Jepson Flora Project: Jepson Interchange    

 
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Jepson Interchange (more information)
©Copyright 1993 by the Regents of the University of California

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  • Up-to-date information about California vascular plants is available from the Jepson eFlora.

POACEAE

GRASS FAMILY

James P. Smith, Jr., except as specified

Annual to bamboo-like; roots generally fibrous
Stem generally round, hollow; nodes swollen, solid
Leaves alternate, 2-ranked, generally linear; sheath generally open; ligule membranous or hairy, at blade base
Inflorescence various (of generally many spikelets)
Spikelet: glumes generally 2; florets (lemma, palea, flower) 1–many; lemma generally membranous, sometimes glume-like; palea generally ± transparent, ± enclosed by lemma
Flower generally bisexual, minute; stamens generally 3; stigmas generally 2, generally plumose
Fruit: achene-like grain
Genera in family: 650–900 genera; ± 10,000 species: worldwide; greatest economic importance of any family (wheat, rice, maize, millet, sorghum, sugar cane, forage crops, ornamental, weeds; thatching, weaving, building materials)
Reference: [Hitchcock 1951 Manual grasses US, USDA Misc Publ 200; Clayton & Renvoise 1986 Kew Bull Add Series 13]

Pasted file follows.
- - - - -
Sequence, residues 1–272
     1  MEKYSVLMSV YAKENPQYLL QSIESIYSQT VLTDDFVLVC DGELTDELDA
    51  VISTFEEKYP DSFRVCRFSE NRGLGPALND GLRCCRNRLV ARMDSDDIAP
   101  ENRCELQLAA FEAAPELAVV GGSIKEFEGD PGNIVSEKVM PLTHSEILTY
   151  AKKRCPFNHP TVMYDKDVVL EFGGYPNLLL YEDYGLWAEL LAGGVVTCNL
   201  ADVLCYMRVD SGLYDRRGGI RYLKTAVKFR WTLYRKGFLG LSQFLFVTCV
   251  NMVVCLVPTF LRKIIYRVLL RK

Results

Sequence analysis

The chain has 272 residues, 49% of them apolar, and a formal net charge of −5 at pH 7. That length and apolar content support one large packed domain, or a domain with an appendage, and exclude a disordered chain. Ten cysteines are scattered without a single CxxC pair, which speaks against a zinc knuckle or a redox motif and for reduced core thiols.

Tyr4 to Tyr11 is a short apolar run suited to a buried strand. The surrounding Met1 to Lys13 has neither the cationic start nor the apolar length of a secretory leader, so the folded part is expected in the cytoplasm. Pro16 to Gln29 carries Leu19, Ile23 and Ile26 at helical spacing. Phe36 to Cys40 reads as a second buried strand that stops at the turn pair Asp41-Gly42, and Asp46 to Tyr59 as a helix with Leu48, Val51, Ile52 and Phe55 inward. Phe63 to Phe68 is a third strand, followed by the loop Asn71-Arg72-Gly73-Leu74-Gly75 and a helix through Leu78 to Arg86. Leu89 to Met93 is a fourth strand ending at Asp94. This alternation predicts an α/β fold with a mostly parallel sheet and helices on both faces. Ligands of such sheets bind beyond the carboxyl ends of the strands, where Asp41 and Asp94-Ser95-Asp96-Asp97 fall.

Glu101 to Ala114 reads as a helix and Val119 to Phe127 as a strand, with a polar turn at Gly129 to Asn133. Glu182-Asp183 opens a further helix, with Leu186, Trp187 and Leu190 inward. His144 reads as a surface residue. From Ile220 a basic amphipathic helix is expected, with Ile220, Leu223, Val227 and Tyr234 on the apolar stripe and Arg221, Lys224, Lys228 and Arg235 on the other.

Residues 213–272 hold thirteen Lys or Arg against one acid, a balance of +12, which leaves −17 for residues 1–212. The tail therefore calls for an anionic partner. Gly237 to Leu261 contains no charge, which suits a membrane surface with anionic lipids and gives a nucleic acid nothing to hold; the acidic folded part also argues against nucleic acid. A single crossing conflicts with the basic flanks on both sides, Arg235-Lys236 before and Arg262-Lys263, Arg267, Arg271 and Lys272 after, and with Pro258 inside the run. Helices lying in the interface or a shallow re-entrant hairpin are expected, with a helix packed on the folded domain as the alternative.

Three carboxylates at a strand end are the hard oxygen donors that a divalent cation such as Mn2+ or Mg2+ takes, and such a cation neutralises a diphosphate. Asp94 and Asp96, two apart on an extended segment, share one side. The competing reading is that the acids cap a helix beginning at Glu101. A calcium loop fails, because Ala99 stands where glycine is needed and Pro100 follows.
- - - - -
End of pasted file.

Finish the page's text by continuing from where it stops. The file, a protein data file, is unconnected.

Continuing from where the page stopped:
See Glossary p. 26 for illustrations of general family characteristics. Generally wind-pollinated.

HETEROPOGON

Kelly W. Allred

Annual, perennial herb, cespitose
Stem erect, densely clumped
Leaves cauline; sheaths flattened, generally < internodes; ligule truncate, thinly membranous; blade flat or folded
Inflorescence ± spike-like
Spikelets on 1 side of axis, paired; spikelets of lower 1–4 pairs ± equal, sterile or staminate; spikelets of upper pairs strongly unequal, lower spikelet sessile, bisexual, awned, upper stalked, staminate or sterile, awn 0, pair breaking below sessile spikelet
Sessile spikelet: glumes hard, short-hairy, tightly enclosing florets; florets 2, lower vestigial, obscure, upper fertile; lemma transparent, fragile
Stalked spikelet: glumes, lemmas thinly membranous
Species in genus: 6 species: warm temp, tropical
Etymology: (Greek: different beard, from awned and awnless spikelets)

Native

H. contortus (L.) Roem. & Schult.

Perennial
Stem 2–8 dm
Leaf: blade 6–24 cm, 4–8 mm wide
Inflorescence 4–8 cm
Sessile spikelet: glume 5–8 mm, dark brown, sharp-pointed, callus hairs red-brown, awn 5–10 cm, puberulent, red-brown
Stalked spikelet staminate
Chromosomes: 2n=60
Ecology: Uncommon. Rocky slopes, washes, open areas
Elevation: < 800 m.
Bioregional distribution: Sonoran Desert, naturalized in South Coast (San Diego Co.)
Distribution outside California: Baja California, to s US, worldwide
Weedy.

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